Decision on Johnson Controls battery business expected by November

Company still considering sale, spin-off or retaining business

Last updated on May 14th, 2019 at 05:29 am

Johnson Controls International plc plans to make a decision on the potential sale of its Power Solutions business by the time it announces fourth quarter results in early November, executives said Tuesday.

The company, which is based in Ireland for tax purposes but operated from a headquarters in Glendale, announced a strategic review of its Power Solutions segment earlier this year. The business provides lead-acid automotive batteries and advanced battery technologies.

The Power Solutions business is based in Glendale and has about 500 employees in the area. It has also been deeply involved in research into new battery technology at the University of Wisconsin-Milwaukee.

Bloomberg reported last week that JCI has narrowed its auction to four bidders after beginning with at least eight. The final suitors include Apollo Global Management LLC, Brookfield Asset Management, Clayton Dubilier & Rice and a consortium of Onex Corp. and the Canada Pension Plan Investment Board, according to the report.

George Oliver, Johnson Controls chairman and chief executive officer, said the company could still retain the business but is also analyzing a possible spin-off along with the potential sale.

“We will communicate more details when a final determination is made,” he said, adding he expects a decision by the time JCI reports fourth quarter earnings.

The tax implications of a potential spin-off are complicated by JCI’s 2016 corporate inversion as part of the merger of Johnson Controls and Tyco International. The combined company shifted its headquarters to Ireland to save on taxes, but that decision prohibits a tax-free spin-off from the company for five years.

Brian Stief, Johnson Controls executive vice president and chief financial officer, said while a straightforward tax-free spin-off could not happen until 2021, there are other options the company could use, although he cautioned those would be more complex and could come with additional tax risk.

Oliver said he is pleased with the progress that has been made in the review when asked if the fact JCI is still considering a spin-off suggests the company is disappointed in the potential proceeds from a sale.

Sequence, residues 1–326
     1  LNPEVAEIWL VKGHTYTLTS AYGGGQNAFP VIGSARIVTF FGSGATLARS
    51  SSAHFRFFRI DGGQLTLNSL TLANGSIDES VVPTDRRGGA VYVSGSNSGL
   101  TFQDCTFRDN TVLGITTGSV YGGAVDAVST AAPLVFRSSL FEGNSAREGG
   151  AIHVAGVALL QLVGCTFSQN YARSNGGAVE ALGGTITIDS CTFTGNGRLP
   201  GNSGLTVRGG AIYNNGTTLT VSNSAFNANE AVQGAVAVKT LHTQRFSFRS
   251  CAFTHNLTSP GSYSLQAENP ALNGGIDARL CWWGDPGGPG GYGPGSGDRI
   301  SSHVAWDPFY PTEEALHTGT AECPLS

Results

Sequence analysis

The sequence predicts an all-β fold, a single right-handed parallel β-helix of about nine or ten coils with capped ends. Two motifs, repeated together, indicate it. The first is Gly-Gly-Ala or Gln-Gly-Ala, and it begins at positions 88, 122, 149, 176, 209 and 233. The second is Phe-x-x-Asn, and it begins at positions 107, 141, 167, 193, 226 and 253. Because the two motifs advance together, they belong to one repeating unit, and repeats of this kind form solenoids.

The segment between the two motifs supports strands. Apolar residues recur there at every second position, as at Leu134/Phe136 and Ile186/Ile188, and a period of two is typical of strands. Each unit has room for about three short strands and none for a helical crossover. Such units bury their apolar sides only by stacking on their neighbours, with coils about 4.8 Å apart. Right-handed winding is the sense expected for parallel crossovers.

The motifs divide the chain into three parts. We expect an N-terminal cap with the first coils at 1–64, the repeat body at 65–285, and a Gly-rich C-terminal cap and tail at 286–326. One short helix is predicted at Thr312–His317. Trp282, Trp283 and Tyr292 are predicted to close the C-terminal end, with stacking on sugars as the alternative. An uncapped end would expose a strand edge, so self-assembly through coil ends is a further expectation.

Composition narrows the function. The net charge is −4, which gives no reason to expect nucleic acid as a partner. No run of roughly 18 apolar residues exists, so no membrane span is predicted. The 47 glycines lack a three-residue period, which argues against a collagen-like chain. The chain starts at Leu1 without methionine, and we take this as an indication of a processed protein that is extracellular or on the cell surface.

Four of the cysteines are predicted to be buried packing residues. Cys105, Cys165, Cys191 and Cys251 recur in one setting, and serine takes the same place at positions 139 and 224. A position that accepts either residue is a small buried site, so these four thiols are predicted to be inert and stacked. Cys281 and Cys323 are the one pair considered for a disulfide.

“I wouldn’t read anything into the spin versus sale,” Stief said.

Oliver said the business has continued to perform well during the review and the company has not seen any significant departure of employees.

“We’ve minimized the distractions that this has caused within the business,” he said.

The Power Solutions segment increased organic revenue by 10 percent in the third quarter to $1.84 billion with higher volumes and favorable pricing and technology mix. Aftermarket and OEM shipments were both up 6 percent. The segment’s adjusted EBITA increased 2 percent to $310 million.

Overall, JCI reported net income of $723 million, up from $555 million during the same period last year. Earnings improved from 59 to 78 cents per diluted share for the quarter.

Net sales increased from $7.68 billion to $8.12 billion, including an organic increase of 6 percent.

JCI has emphasized the addition of additional sales staff this year and Oliver said the company made 375 new hires in the quarter. For the current fiscal year the sales staff is up a net of 775 compared to an expected increase of 500 to 600. Oliver said the company expects to end the year with a net of 900 new hires.

“We have seen a significant increase in the productivity of our new and existing sales teams,” Oliver said.

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Arthur covers banking and finance and the economy at BizTimes while also leading special projects as an associate editor. He also spent five years covering manufacturing at BizTimes. He previously was managing editor at The Waukesha Freeman. He is a graduate of Carroll University and did graduate coursework at Marquette. A native of southeastern Wisconsin, he is also a nationally certified gymnastics judge and enjoys golf on the weekends.

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